The concept of self-care can be quite overwhelming in itself, as society sometimes places certain expectations on the definition of self-care. For some it is yoga or Pilates. For me, self-care is journaling, listening to music, talking a walk, talking to a friend, eating a piece of candy, taking pictures, or my commute home. That is the time I take for myself to focus on me and not everything else happening in my life. Taking that time, whether it is 30 seconds or an hour, helps me make myself a priority, which is important. Self-care also happens through routine things like seeing the doctor or dentist, scheduling time to eat lunch (because this is something that does not happen if I let life and work get in the way), getting enough sleep, or even taking time to get ready in the morning. I have become aware of how rushing to get my family ready in the morning and then not taking time to get myself ready can have a negative impact on my day, which is not fair to myself. Making myself a priority is the ultimate self-care, because no one else is going to know what my needs are better than myself.

Today begins Mental Health Awareness Week (May 11-17). Here are some important thoughts on self-care that I have learned from being a woman, daughter, student, wife, and therapist:

  1. Self-care is empowering because YOU have control over YOUR life!

  2. Remember that YOU ARE ENOUGH! Decreased expectations and pressure on yourself can decrease stress/anxiety/depression

  3. Self-care is an individual process- find what makes YOU happy!

  4. Try new things! Taking yourself out of your comfort zone can also be empowering and exposes you to new experiences.

  5. Women who take care of themselves and practice self-care have less depression, anxiety, and health issues

  6. Laughing and being around those who lift you up increases endorphins, which decreases negative symptoms

  7. It is okay to say NO if we do not feel that we can or want to do something! Saying no helps decrease pressure and stress that comes with overextending ourselves.

  8. Respect yourself and do not let others negativity effect your mood!


Most importantly, self-care is what you make it! Whichever way you choose, make sure that the process is something healthy and not something that causes more stress to your life. Take the time to care for yourself so that you can be a better person for yourself and those in your life.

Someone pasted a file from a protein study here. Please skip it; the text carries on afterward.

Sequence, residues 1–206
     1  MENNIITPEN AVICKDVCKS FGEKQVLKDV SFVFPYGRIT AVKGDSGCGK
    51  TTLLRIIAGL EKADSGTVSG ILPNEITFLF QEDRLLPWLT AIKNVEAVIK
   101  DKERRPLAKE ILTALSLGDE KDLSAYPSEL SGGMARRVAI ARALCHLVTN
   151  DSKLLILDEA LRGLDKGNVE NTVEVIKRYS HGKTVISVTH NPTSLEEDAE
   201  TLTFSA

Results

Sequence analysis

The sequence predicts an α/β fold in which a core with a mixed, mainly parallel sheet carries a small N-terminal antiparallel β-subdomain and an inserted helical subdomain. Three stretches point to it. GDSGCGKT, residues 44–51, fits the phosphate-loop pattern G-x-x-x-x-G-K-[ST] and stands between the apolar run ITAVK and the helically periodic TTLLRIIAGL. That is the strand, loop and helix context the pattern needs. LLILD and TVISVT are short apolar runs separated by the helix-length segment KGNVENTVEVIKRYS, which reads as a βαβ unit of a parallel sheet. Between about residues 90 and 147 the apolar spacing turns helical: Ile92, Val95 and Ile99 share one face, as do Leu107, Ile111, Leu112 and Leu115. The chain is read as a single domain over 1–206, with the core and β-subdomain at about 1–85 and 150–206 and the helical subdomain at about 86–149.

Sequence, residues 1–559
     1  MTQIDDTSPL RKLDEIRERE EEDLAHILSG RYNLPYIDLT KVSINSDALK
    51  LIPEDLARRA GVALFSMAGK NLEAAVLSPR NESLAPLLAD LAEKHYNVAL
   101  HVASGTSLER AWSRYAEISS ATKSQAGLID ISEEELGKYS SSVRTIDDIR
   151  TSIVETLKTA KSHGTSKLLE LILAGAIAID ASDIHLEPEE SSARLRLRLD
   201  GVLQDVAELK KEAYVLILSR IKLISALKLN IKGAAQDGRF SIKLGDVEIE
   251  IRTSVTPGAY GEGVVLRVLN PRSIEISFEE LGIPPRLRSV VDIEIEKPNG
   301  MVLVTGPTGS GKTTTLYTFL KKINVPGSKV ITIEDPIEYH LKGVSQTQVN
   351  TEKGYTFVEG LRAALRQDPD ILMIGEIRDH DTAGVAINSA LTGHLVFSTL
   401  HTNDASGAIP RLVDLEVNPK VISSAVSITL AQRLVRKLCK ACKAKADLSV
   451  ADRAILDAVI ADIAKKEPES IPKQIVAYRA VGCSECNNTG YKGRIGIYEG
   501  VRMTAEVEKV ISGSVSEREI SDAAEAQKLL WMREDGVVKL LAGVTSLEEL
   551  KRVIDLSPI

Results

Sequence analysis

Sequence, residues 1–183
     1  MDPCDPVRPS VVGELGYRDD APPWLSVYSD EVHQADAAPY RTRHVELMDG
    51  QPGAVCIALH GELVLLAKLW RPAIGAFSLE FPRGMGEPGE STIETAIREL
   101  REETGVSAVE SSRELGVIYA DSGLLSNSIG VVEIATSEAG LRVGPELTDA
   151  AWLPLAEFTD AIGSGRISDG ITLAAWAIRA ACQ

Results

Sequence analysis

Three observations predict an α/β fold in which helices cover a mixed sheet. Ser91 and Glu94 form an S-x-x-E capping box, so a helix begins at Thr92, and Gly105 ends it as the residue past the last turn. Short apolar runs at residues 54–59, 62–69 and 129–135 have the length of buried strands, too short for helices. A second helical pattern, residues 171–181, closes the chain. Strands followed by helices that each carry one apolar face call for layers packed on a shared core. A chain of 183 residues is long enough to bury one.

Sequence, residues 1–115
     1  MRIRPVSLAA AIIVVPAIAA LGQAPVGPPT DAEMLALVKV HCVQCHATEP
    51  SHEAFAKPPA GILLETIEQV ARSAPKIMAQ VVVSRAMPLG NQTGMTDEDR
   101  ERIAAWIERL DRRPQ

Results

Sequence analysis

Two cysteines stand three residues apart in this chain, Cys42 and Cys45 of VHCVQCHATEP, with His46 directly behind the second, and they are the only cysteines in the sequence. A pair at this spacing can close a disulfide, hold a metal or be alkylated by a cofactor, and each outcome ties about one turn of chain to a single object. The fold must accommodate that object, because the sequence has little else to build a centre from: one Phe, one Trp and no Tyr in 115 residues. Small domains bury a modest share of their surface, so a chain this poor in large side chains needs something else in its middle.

Learn more about how Kappa Alpha Theta raises awareness through the Sisters Supporting Sisters program , and the take a mental health screening to assess if you might need help.

Rachel Ocampo, Zeta Theta/Cal Polytechnic State, is a behavioral health core program manager for Aspiranet Behavioral Health and Sisters Supporting Sisters advisory board member.

Posted On: Friday, May 8, 2015 08:45 AM, by Melissa Shaub
We did it!

This week via social media and through an email to members, we asked Thetas and their friends to help us raise $25,000 in 25 hours to help 25 children in celebration of our 25-year relationship with National Court Appointed Special Advocates. We are pleased to share that we exceeded our goal! At least 27 children (we are still tallying the donations!) will receive the support of a CASA thanks to the hundreds of Thetas and their friends who worked together to demonstrate that abused and neglected children are not forgotten!

This 25-hour challenge is just one way Theta remains an ardent supporter of CASA after 25 years. Thetas continually demonstrate their commitment to the cause by serving as volunteers for CASA and, as revealed through this drive, as powerful advocates to spread awareness. Through their fundraising efforts, our college and alumnae chapters provide local CASA organizations with much-needed support in their respective communities. Through donations received throughout the year, Theta Foundation makes quarterly grants to National CASA to help provide essential training, educational materials, and advocacy work that benefit the nationwide network.

No matter how you choose to support CASA, rest assured you are making it possible for a qualified, compassionate adult to fight for and protect a child's right to be safe, to be treated with dignity and respect, and to learn and grow in the security of a loving family.

The 25-hour challenge may be over, but the impact of our generosity is only just beginning! Our thanks to Thetas and friends for continuing to spread the widest influence for good and for leading the way for this worthwhile cause.